CAF’s third report on giving in Scotland 2019 has just been published offering us another fine slice of insight into how the Scottish public supports good causes.
First up, money. For the third year in a row, the number of people in Scotland giving money to charities dropped. The frequency of people’s donations fell, and overall donation amounts are down. Not great news on the face of it, but we shouldn’t lose sleep just yet.
61% of people in Scotland donated to charity last year, holding on to our lead ahead of the rest of the UK (57%), and the estimated total figure for Scotland, while down on last year’s, was a not-to-be-sniffed-at £851m.
More importantly, it looks like the fall in people giving money is directly linked to a reduction in the number of requests being made of them by charities. Of course, if you don’t ask you don’t get. But what the CAF report shows is that charities seem to be listening public concerns and moving away from the least popular types of fundraising. Fewer street and door to door fundraising requests were made last year, and tightening up the use of personal data on the back of GDPR seems to have resulted in a fall in direct mail requests. Better fundraising practices can only have a positive impact in the longer-term, building better quality relationships with supporters. I’m fairly confident we’ll see donations rise again next year.
The report findings also suggest a return to longer-term donation models. While cash donations dropped, 43% of people gave via direct debits, up from 34%. And while there was a drop in the average amount given, the median amount donated has remained stable at £20 per month. So we may have lost some ‘super donors’ last year, but these major donations are notoriously volatile and are unlikely to be in response to standard fundraising requests anyway.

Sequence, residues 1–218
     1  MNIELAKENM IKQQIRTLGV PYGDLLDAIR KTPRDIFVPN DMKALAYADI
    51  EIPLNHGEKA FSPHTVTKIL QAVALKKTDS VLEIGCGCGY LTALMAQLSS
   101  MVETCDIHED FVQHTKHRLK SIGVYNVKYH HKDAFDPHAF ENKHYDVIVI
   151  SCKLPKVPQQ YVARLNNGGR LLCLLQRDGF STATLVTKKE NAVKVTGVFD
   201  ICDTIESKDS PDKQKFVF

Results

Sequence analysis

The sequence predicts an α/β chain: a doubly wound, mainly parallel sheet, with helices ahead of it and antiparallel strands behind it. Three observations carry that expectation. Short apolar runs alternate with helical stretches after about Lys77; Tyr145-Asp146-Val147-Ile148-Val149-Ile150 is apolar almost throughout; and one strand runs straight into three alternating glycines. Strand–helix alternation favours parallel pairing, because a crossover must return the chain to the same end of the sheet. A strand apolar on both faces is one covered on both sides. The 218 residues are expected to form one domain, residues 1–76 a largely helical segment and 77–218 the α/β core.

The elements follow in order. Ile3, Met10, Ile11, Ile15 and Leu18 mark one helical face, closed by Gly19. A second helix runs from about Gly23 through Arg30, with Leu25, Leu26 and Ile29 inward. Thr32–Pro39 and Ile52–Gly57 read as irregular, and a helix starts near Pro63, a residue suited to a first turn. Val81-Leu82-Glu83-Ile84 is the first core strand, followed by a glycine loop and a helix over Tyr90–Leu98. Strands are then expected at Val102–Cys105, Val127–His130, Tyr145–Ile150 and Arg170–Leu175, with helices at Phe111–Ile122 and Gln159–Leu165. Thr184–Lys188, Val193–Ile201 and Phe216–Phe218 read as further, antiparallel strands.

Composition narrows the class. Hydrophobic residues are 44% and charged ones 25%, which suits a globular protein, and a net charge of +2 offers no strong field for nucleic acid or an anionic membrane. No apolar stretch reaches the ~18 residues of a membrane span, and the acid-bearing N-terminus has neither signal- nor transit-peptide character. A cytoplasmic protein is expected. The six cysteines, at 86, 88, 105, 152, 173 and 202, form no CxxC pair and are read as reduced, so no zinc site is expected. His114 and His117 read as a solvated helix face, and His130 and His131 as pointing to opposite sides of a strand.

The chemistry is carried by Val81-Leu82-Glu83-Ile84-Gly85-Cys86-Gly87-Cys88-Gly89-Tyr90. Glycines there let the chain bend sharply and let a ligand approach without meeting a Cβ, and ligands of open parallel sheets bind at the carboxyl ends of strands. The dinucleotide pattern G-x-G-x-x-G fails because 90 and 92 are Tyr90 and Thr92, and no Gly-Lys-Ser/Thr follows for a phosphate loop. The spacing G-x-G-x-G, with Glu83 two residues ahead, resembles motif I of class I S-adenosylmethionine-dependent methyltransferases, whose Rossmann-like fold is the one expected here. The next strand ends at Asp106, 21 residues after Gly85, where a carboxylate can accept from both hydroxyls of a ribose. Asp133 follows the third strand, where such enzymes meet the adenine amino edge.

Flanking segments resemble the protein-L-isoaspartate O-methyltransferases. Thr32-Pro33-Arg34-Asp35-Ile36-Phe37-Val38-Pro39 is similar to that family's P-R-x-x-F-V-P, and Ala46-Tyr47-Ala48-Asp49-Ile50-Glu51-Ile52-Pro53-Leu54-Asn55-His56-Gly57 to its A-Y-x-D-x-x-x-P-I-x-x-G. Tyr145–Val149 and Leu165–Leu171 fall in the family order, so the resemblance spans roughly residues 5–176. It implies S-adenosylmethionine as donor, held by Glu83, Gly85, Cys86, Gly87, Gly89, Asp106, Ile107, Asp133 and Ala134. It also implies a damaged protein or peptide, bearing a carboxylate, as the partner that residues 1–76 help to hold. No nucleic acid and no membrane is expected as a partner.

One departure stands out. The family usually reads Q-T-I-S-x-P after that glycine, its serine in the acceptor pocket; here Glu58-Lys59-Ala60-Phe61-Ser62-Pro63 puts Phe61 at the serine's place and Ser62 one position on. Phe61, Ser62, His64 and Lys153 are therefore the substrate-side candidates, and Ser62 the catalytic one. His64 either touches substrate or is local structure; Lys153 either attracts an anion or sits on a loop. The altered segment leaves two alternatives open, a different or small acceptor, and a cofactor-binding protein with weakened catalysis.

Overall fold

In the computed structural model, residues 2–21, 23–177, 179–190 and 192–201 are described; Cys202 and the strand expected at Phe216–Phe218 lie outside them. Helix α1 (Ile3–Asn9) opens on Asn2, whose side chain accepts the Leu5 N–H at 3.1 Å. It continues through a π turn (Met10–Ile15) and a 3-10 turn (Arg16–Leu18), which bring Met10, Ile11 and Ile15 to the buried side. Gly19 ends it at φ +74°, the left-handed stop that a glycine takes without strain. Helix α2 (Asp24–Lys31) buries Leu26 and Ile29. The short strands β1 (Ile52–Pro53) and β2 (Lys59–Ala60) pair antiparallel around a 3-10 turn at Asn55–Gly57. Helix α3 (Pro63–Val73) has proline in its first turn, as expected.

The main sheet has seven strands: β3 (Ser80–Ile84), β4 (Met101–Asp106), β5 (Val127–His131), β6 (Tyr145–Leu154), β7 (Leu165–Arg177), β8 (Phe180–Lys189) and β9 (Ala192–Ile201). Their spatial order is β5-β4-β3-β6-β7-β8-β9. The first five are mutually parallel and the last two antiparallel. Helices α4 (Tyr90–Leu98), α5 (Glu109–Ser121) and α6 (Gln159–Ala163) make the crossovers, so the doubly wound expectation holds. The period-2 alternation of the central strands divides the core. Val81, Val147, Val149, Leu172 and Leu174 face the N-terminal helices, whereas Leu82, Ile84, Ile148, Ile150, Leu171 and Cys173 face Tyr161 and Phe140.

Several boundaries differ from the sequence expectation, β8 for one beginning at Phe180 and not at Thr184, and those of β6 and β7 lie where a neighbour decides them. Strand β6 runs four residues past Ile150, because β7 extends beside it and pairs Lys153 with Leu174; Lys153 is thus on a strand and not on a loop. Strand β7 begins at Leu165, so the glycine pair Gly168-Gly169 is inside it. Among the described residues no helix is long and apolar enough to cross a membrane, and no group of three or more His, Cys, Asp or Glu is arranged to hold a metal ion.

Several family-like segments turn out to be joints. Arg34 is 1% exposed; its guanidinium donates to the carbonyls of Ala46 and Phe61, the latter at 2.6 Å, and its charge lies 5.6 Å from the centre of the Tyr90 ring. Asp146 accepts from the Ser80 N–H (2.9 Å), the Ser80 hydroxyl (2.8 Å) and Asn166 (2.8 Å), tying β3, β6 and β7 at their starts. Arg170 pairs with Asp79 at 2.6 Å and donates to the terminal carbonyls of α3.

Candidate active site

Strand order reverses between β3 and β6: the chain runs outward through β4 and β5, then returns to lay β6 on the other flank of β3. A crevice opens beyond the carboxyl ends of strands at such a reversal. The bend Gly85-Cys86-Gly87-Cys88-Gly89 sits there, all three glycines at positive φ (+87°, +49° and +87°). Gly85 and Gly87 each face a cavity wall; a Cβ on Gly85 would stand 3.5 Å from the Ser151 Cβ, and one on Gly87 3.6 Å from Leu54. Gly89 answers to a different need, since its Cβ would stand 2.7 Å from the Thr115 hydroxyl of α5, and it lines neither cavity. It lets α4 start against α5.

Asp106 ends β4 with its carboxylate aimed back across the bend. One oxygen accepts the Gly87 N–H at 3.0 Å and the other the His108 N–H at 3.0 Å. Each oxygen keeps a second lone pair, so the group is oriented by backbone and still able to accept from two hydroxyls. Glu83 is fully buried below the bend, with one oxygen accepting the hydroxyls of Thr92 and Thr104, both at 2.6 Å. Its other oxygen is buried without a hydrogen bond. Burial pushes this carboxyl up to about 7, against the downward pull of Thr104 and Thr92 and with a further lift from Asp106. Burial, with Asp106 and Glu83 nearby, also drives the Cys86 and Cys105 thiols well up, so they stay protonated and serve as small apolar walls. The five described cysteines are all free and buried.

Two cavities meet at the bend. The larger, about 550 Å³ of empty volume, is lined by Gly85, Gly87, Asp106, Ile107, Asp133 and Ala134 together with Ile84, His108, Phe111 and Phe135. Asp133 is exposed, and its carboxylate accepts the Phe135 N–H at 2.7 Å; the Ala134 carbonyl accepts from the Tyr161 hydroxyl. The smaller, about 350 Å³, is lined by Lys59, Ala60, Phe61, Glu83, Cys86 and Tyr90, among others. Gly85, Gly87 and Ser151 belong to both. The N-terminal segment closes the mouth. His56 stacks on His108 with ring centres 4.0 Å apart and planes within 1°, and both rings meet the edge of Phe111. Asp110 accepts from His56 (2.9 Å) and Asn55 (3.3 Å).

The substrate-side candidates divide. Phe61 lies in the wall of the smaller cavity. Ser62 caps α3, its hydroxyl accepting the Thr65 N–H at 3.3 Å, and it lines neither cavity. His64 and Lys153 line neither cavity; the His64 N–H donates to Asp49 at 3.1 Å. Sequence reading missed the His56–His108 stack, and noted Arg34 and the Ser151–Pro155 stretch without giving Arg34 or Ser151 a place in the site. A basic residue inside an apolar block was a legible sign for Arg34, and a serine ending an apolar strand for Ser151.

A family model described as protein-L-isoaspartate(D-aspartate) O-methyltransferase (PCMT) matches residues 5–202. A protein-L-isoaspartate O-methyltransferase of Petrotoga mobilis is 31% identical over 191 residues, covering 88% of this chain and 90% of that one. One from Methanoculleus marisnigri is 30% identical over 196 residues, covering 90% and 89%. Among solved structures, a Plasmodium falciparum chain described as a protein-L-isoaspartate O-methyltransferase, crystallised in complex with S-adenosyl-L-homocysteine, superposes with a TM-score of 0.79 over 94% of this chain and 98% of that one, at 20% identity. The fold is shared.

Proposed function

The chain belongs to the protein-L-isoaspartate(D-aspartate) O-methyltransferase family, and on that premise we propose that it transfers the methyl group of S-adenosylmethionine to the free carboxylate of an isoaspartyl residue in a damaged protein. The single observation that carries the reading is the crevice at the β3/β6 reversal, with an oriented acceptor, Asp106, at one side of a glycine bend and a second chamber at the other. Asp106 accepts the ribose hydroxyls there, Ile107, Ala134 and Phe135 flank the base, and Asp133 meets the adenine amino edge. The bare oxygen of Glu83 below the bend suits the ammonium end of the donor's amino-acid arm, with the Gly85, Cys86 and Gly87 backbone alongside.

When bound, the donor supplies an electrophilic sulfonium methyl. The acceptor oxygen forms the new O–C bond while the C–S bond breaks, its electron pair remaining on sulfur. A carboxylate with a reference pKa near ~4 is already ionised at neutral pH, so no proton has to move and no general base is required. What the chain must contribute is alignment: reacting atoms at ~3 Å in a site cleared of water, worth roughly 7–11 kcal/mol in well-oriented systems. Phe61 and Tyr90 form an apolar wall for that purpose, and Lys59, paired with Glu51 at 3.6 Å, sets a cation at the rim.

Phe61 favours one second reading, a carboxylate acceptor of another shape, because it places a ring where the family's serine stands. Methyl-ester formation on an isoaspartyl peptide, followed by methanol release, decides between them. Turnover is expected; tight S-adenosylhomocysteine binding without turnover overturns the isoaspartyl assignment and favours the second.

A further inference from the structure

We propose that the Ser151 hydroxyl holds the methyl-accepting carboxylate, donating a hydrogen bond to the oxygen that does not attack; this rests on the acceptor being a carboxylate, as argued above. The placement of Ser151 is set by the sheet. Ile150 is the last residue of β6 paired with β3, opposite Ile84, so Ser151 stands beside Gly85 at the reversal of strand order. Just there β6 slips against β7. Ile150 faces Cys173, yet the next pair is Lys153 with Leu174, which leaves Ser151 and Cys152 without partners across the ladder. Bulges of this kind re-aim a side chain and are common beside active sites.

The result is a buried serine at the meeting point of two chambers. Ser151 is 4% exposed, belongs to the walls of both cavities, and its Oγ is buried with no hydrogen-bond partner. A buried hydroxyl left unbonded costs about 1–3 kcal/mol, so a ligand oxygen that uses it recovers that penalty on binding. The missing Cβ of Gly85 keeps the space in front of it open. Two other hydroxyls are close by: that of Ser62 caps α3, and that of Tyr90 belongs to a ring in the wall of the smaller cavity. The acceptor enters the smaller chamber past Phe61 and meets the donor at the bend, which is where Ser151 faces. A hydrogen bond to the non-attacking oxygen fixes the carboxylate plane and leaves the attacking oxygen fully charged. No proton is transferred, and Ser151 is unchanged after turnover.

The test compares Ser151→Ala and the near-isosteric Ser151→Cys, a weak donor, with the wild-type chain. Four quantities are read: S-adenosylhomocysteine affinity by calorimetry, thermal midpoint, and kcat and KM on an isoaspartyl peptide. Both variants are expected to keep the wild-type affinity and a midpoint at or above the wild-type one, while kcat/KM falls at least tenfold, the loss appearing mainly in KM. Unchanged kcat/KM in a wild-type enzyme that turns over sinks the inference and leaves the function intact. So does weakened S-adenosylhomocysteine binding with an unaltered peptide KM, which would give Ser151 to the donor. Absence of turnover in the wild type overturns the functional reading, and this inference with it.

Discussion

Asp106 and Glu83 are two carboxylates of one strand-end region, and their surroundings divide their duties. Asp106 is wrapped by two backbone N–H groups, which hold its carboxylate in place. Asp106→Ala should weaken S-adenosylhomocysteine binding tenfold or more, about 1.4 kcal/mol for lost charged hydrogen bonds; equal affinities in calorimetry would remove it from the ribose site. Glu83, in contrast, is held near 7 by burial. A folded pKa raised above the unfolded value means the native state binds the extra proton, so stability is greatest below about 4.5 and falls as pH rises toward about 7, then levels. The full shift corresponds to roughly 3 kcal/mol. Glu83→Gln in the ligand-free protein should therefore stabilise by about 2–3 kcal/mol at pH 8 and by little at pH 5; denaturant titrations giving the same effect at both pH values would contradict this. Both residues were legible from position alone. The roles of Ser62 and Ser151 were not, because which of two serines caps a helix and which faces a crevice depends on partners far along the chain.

Another reason to celebrate is that engagement with charities remains high in Scotland. Last year 9 out of 10 people in Scotland got involved in some kind of charitable action, from donating money or goods to social activism, higher than the rest of the UK, and we know that personal connection fosters trust.
One area where we perhaps should be concerned is the report suggests that the number of people volunteering is continuing to fall. The Scottish Household Survey shows that volunteering rates have stubbornly stuck at around 28%. Given the importance of ensuring new volunteers keep coming into our sector, we can maybe take heart that youth volunteering rates are on the rise thanks to great initiatives such as the Saltire Awards. . This shows that really investing in volunteering can have a real impact, as well the need to take into account the many ways in which people give their time, both formal and informal – for a review of research into volunteering see this research summary. In response, the Scottish Government and voluntary and community sector partners have come together to produce a new national outcomes framework for volunteering, Volunteering for All which will help champion volunteering and develop future strategies.
So in summary, the giving habits of the Scottish public suggest a slight drop in donors and amounts donated, but people’s support for good causes remains very strong and there lots of positive steps being taken by charities, so lots of reasons to be optimistic for the future. SCVO researchers are currently in the middle of analysing charity accounts for our State of the Sector research. It will be very interesting to see what those accounts tell us about donations and fundraising in 2018, and to what extent what people said they gave matches what charities actually received. Findings should be coming out in late summer, so keep watching this space.